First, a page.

ian cormac (ed5f69)

  58. I like Christie too. I hope he always wears his seatbelt.

    carlitos (49ef9f)

  59. “liberal fascism”

    Given the history of “liberals” in this country, isn’t that term a tad bit redundant?

    Dave Surls (28f866)

  60. “Noam Chumpsky claims to be a libertarian but he isn’t.”

    Yeah, it’s kinda hard to be a ratbag communist and a libertarian all at the same time.

    Sorta like being a pro-Jewish Nazi.

    Dave Surls (28f866)

  61. Ian, you’re right, Christie is wrong on many issues.

    I probably wouldn’t vote for him, but he’s better than most of the others because where Christie is right is more important to me than being PC about Islamists or wishy washy on global warming nonsense.

    Dustin (b2fb78)

  62. #33 It’s because politics is part (or most) of their identity, challenge their political views and you are challenging their self-esteem, their very identity. Some of these people are very fragile psychologically. They’ve had to engage in self-delusion and psychological denial for a long time.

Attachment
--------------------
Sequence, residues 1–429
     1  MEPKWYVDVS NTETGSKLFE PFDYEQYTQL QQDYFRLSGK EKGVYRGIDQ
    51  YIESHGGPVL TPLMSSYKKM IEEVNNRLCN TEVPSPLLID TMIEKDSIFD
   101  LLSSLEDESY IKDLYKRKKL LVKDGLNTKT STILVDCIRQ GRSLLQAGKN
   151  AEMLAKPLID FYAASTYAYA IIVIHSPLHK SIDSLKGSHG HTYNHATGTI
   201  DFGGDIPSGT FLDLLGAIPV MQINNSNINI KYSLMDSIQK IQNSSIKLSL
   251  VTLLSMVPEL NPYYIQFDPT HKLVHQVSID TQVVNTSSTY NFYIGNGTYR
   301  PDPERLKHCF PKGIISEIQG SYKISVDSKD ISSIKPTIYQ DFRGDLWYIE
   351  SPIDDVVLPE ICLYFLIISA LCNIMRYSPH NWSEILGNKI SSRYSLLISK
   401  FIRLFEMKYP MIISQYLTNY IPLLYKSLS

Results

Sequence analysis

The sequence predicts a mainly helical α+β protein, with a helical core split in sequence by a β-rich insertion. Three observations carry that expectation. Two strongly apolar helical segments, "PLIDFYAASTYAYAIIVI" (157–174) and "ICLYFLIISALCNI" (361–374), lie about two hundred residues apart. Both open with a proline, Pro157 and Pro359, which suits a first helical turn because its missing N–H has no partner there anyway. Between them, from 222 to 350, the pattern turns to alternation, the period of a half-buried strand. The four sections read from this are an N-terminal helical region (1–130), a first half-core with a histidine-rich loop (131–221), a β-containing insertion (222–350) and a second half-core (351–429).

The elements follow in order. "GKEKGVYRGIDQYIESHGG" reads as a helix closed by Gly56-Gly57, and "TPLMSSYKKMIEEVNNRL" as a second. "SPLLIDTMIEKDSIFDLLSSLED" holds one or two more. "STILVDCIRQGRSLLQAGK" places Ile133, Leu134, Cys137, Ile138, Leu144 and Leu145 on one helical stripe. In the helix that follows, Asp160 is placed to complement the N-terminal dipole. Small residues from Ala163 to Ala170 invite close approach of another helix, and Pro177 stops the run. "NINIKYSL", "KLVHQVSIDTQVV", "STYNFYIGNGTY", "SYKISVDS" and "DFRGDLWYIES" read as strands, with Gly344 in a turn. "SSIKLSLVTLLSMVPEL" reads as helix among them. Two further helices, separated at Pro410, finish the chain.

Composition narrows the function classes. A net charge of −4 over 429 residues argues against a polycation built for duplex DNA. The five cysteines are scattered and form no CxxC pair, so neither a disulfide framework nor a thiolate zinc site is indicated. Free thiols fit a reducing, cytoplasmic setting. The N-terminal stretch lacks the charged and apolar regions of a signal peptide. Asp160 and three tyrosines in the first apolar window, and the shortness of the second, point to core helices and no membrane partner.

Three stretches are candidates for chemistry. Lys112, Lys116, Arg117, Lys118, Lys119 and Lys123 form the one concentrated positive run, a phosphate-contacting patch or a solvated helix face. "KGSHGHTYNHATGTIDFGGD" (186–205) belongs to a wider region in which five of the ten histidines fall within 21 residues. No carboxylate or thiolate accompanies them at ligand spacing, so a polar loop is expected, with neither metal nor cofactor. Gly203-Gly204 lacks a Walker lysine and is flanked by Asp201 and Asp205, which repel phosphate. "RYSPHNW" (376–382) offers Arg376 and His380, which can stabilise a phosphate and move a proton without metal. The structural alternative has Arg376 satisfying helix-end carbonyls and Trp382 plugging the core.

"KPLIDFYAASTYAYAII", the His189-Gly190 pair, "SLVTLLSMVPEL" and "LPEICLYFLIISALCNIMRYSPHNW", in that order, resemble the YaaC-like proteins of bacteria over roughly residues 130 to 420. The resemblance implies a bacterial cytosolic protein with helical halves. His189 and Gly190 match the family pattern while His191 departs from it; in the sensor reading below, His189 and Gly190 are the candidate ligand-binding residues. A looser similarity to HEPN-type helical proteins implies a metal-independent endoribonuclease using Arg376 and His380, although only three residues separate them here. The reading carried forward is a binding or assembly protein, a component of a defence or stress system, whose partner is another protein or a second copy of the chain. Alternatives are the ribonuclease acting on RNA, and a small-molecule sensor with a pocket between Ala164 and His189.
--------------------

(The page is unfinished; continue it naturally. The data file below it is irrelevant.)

LarryD (feb78b)

  63. Christie is what he is, a Guiliani with no ( not yet) personal baggage. He is def not a Neo-Puritan.

    dr kill (06b97e)

  64. It’s interesting to see these comments on Christie. I like Palin, Perry and Christie because I think they want to be President to accomplish their political goals, not just to win the election (although I’m sure they and all the candidates have big egos and want to win). I think Romney’s primary goal is to win the election and, as a result, he would be more flexible in his political goals. Basically, Romney seems more willing to compromise than candidates like Palin, Perry, and Christie. That’s not a bad quality. There was a time when compromise was a good thing, but this isn’t that time.